I just finished reading Alexandria Horowitz’s On Looking: A Walker’s Guide to the Art of Observation. She describes eleven walks around her block in (mostly) New York City, taken with a wide range of experts: artists, physicians, geologists and dogs.
Highly recommended. You will laugh. You will learn. You will focus. You will expand.
I learned the answer to a question I have had for a long time: why do birds sing in the morning?
It has to do with the air temperature, Horowitz explained. Sound travels more directly in cooler air, and is more diffused in warmer air. Since the air is relatively cool in the morning, we hear birdsong from farther away.
“But,” I said to my husband. “I’m not sure I like that answer.”
We were parked in our car, windows closed against the black flies, air-conditioner running because of our dog in the back seat. Potential buyers were looking at our house, so we had to clear out for an hour. My husband brought a decision from the Supreme Court along to read– it is relevant to a case he has– and I brought On Looking.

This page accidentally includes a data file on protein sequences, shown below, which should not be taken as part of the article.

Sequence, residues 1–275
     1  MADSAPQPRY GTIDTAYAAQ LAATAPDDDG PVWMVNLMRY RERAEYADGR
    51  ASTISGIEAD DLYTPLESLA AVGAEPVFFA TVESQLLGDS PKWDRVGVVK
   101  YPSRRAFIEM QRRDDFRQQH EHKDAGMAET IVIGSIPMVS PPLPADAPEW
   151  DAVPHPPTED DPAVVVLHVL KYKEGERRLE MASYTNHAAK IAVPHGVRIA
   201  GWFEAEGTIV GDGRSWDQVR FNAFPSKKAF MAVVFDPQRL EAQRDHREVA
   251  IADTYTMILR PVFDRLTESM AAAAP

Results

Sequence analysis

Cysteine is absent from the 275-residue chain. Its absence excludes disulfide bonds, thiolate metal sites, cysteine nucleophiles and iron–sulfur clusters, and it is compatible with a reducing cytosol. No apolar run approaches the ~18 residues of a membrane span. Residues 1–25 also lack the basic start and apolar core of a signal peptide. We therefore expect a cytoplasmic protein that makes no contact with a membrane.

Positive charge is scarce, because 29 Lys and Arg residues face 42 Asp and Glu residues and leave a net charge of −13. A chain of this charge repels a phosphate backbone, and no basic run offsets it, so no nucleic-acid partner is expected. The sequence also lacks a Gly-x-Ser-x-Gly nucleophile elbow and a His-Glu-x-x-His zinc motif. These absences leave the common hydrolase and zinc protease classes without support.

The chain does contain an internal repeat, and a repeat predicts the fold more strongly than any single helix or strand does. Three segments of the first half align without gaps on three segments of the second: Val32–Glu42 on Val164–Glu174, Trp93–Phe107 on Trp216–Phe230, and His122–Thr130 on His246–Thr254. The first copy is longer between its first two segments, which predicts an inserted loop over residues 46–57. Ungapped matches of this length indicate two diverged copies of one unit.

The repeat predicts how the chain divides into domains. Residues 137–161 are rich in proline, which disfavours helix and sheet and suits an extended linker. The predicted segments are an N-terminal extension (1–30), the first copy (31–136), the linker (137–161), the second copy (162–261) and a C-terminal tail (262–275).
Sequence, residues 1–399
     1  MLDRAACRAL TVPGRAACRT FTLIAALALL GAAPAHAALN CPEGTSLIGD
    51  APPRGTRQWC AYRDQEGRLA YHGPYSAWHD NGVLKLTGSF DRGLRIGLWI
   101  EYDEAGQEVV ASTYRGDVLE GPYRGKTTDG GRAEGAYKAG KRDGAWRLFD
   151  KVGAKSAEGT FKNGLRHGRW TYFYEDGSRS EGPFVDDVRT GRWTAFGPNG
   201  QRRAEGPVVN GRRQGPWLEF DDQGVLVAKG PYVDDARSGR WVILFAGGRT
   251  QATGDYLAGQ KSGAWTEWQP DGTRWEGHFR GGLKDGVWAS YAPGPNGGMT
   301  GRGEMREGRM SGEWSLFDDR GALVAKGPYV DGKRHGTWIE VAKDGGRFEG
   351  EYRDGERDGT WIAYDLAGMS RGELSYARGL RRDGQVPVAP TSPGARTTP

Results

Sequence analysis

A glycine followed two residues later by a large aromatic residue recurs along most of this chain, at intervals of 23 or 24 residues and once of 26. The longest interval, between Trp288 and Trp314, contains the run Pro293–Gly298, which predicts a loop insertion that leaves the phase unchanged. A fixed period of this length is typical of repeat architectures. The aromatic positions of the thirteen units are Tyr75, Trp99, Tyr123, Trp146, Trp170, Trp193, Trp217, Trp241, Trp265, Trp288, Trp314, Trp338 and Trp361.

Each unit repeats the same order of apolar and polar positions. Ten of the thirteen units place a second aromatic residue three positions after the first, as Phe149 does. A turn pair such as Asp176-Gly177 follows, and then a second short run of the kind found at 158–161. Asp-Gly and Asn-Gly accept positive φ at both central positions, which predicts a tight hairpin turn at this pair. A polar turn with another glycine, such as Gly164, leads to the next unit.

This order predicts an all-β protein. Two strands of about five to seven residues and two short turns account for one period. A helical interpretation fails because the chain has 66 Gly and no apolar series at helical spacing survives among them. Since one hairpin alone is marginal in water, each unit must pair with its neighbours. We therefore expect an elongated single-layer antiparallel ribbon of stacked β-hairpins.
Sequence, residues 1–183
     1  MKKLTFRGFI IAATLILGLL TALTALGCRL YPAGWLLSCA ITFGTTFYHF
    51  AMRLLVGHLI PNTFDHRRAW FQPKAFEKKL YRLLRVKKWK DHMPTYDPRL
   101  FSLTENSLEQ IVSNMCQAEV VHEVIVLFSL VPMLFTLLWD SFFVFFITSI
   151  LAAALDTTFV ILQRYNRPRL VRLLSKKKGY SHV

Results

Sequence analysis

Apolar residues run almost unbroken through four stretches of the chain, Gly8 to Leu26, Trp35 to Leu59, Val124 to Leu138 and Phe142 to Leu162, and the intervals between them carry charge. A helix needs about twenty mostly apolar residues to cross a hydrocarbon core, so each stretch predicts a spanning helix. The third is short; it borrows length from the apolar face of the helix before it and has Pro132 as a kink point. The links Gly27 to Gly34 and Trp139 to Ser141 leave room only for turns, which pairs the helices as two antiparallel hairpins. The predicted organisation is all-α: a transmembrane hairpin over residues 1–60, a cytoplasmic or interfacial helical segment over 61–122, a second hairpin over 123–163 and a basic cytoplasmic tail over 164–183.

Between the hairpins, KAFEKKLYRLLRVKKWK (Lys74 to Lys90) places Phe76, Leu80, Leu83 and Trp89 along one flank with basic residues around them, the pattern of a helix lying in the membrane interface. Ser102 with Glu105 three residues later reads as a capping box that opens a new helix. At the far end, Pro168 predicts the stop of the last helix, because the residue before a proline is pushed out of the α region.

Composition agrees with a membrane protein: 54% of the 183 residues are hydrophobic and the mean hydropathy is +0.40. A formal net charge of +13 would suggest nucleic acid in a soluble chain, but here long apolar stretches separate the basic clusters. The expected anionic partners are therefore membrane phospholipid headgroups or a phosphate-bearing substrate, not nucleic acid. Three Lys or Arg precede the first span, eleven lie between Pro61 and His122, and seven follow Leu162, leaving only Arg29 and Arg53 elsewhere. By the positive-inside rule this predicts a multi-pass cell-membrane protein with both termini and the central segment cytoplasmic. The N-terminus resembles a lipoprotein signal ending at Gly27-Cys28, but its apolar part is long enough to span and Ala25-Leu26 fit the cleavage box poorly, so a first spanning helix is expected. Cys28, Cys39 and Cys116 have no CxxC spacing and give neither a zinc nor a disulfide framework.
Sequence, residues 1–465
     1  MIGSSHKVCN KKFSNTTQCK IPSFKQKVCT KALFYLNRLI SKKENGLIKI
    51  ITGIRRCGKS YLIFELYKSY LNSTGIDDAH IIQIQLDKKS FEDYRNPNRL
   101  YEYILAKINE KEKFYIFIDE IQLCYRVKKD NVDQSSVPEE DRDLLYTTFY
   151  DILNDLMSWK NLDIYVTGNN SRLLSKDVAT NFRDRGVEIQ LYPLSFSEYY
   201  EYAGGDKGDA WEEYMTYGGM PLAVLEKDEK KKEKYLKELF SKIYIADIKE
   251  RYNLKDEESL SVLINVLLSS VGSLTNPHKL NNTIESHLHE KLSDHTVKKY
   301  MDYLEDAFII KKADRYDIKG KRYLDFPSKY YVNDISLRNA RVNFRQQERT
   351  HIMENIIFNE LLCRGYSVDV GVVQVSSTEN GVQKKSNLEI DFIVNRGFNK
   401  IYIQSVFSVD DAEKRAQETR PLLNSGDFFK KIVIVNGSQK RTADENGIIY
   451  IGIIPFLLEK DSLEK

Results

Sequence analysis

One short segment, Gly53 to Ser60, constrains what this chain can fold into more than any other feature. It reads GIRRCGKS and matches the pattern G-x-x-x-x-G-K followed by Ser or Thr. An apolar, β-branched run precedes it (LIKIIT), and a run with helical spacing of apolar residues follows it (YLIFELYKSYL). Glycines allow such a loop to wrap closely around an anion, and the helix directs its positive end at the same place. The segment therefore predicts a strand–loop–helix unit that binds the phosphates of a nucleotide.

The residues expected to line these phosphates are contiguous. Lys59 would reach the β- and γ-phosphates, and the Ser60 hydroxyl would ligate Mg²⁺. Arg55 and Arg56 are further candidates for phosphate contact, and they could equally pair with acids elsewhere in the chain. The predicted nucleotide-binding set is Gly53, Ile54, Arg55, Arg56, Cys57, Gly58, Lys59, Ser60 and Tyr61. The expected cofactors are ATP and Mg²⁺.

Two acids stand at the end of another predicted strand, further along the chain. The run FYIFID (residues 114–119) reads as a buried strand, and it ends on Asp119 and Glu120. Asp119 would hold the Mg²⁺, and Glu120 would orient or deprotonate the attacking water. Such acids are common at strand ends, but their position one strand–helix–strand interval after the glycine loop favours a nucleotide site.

He read to me the salient points of the court’s decision, which included Justice Alito contradicting himself in the same paragraph and notorious RBG (Justice Ruth Bader Ginsberg) slapping him down, as she does so well.
And then I explained what the book said about birds singing more in the morning: they don’t actually sing more in the morning. We just hear it more.
“I think I prefer to believe,” I said, “that they do sing more in the morning. That there is something about the morning that inspires birdsong.”
My husband said, with a laugh, “Typical morning person thinking.”
But physics aside, there is something about birds and morning. Maybe that is just the time when I listen.